If you read our Outlast review, you know we think it’s pure survival horror fun, and we’re excited to announce that its sequel, Outlast 2, has arrived on Nintendo Switch, complete with a fresh story, new setting, and cool upgrades. Just keep in mind that this game is extremely graphic and should only be played by adults. We don’t have any graphic screenshots in our review because we know there’s a chance kids will stumble upon this page, but take our word for it: Outlast 2 is packed with ultra-violence, bloody gore, and terrifying jump scares, and it’s not for the faint of heart.
Take control of Blake Langermann, a cameraman and investigative journalist about to touch down in northern Arizona near the site where a young pregnant woman was mysteriously murdered. Working with wife and partner Lynn Langermann, Blake plans to film an investigation of the murder and bring Jane Doe’s killer to justice, but when his helicopter crash-lands, Blake and Lynn are catapulted into a completely different direction. When Blake awakens at the crash site, Lynn is gone, and their pilot’s body is flayed and nailed upon a cross. So Blake sets off on an urgent mission to find his wife, a mission that will drag him deep into the bloody heart of an apocalyptic cult.
Unlike Outlast, where gameplay takes place inside a mental institution, Outlast 2 offers the open and airy terrain in rocky northern Arizona. Although you’ll pass through many dilapidated wooden structures like homes, churches, and barns, you’ll never stay indoors for long. The outdoor setting distinguishes Outlast 2 from its predecessor, and while we miss being trapped in a creepy mental institution, the new setting is really refreshing. Of course, the nighttime Arizona wilderness is still terrifying, even if it’s not an asylum—especially when fly-ridden and mutilated bodies of babies, children, adults, and animals show up in blood pools wherever you go. Plus, packs of lunatic enemies lurk about, and they’ll kill you in seconds if they get the chance. As with Outlast, you cannot fight your foes; you can sneak, run, and/or hide, and if that sound unappealing, you should probably look elsewhere for a horror game.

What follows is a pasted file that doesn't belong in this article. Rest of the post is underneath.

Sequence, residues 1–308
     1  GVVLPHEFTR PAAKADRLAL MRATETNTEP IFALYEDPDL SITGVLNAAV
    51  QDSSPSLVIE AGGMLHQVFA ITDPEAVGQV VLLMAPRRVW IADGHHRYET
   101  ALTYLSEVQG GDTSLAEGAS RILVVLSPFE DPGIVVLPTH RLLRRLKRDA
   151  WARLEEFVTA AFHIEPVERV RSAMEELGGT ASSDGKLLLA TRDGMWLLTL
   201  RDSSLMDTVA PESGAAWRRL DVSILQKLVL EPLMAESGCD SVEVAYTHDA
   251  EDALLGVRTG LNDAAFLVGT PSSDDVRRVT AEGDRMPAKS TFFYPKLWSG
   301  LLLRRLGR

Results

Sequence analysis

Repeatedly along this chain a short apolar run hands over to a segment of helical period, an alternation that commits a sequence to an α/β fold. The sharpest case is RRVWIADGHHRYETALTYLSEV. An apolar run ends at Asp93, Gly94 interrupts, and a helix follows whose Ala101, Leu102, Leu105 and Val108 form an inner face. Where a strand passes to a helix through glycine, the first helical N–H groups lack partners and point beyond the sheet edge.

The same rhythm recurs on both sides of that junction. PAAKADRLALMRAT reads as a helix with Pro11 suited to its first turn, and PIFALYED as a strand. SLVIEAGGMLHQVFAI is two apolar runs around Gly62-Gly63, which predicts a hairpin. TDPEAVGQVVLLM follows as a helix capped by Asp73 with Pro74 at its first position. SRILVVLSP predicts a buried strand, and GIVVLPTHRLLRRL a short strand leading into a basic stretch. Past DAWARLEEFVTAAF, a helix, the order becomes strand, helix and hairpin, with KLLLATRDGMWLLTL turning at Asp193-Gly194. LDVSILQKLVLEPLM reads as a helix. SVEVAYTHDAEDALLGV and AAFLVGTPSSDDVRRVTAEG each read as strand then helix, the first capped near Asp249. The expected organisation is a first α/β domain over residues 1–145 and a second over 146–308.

While Outlast 2 features an outdoor wilderness setting, certain events trigger your mind to temporarily travel back to Catholic grade school, where something sinister happened to your friend Jessica. In this way, small portions of the game take place inside a school, whose long, dark hallways; locker-lined walls; and eerily empty classrooms take us back to the asylum of Outlast—and we love it! We actually like being in the school even better than being in Arizona, and the two drastically different settings offer a great deal of visual variety, something that Outlast didn’t really offer—aside from its Murkoff Corporation bits, of course. We don’t want to spoil anything about the school bits here, but we love how the Catholic school contrasts with the bloody cult in Arizona, and it’s definitely a highlight of Outlast 2.
As in Outlast, the star mechanic is your video camera, whose night vision setting allows you to see in dark places. (This setting drains your battery, so use it wisely. But know there are many spare batteries to find along your journey.) Your camera also has some nifty upgrades from the basic Outlast camera: its picture is clearer, its zoom function is better, and it can pick up on sounds that the human ear cannot. (This last feature can alert you to distant enemy footsteps, among other things.) Another cool camera update is the auto-battery-replace feature: if you find a fresh battery but your pockets are full, you’ll automatically pick up the new battery and pop it in your camera, replacing whatever battery you had in there at the time. Just as important as batteries are bandages, a new mechanic in Outlast 2. If you got hurt in Outlast, you gradually healed with time—but if you get hurt in Outlast 2, you can only heal through the application of bandages. You can only hold a few at a time, so pick them up when you see them and try to keep stocked up.